Contemporary Essays: Confronting my race & my heart
Sanne — Louise de Bruin

As someone who is white and not really knowledgeable regarding the term pro-black I am not sure I can add to this particular discussion. Still as someone who dated people with a wide variety of ethno-regional backgrounds and who had many physical characteristics in odds with traditional ‘Western’ futures I want to comment on your article. While part of this comment might read as a criticism of your article it in no way tries to undermine your experiences in regards to relationships or any of your experiences related to your complexion.

You start the article with referring to the ‘age of change’ which you separate from the increasingly hostile political climate. While not really sure what you refer to I think that a recent change is that ‘inter-racial’ relationships have become more commonly accepted in society. Not to say that there are no systems of oppression of influence in these relationships or to state that this means that this is any indication that there are no struggles within an ‘inter-racial’ relationship especially for darker woman. What I don’t believe is that this phenomenon is not merely the result of an increased fetishization of racial-ethnic minorities in the Western society.

As you describe pro-black (for you personally) as the advancement of any type of black person I missed any reference towards the increasing number of people who are the result of ‘inter-racial’ relationships. Especially in the case questioning of what constitutes being black and the issues within relationships by framing the discussion and solution black-and-white I think the position of this important group within this discussion is neglected. I concur that people with a darker complexion are especially impacted by negative notions about this group within all Western societies. At the same time many of these issues go beyond complexion and impact people with physical traits outside of the tradition Western ideal type. While I understand that your personal experiences make you connected to a specific group I don’t see why your advocacy should be constricted to a specific group affected.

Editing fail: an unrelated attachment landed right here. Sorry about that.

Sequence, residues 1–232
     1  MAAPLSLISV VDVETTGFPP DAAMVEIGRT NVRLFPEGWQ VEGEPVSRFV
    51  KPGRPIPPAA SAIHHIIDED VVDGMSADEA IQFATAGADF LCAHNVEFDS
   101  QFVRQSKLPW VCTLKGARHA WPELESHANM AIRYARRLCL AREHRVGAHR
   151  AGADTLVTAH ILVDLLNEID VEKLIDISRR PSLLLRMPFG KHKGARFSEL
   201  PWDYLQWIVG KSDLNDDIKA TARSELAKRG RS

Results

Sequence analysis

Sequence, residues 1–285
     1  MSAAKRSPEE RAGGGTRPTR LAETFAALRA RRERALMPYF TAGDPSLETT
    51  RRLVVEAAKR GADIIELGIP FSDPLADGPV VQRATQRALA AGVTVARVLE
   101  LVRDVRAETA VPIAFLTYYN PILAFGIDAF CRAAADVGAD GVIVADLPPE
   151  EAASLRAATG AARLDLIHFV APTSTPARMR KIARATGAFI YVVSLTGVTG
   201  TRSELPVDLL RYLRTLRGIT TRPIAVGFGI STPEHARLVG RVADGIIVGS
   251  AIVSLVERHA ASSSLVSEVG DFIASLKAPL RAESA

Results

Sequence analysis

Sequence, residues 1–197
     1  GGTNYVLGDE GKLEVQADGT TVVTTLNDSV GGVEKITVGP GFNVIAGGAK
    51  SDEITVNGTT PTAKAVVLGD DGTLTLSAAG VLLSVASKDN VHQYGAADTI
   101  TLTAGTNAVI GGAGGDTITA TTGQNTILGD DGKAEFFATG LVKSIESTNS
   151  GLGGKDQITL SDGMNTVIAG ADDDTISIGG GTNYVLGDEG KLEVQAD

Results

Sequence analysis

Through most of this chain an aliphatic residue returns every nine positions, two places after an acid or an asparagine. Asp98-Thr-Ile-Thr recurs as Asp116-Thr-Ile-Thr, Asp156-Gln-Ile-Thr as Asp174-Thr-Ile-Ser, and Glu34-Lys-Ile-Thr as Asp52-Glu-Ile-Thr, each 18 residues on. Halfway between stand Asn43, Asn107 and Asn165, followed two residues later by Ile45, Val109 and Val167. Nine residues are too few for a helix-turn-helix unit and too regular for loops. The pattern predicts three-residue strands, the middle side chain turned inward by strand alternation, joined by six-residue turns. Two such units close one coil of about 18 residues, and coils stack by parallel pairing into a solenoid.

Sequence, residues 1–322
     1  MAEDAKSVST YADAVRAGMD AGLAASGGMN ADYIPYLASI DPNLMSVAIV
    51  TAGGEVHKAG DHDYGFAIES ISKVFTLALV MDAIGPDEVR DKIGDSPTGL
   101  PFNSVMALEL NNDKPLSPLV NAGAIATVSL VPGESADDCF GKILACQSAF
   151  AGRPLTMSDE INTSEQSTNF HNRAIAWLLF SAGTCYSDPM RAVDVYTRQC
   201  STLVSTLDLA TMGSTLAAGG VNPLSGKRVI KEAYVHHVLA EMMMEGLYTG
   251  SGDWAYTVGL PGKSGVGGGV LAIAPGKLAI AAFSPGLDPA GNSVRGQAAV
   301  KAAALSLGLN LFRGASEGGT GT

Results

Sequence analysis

While I think we all should try to identify systems of oppression, who it is that benefit from these and how they affect others and ourselves. Defining certain values carried in society as systems of oppression can cause a dilemma in this regard. Homophobia for instance as a system of oppression (especially in the discussion of color) seems to be an especially interesting dilemma. The push for the acceptance of homosexuals is often seen as a form of cultural neo-colonialism and an Western ideal with little support outside of it.

One clap, two clap, three clap, forty?

By clapping more or less, you can signal to us which stories really stand out.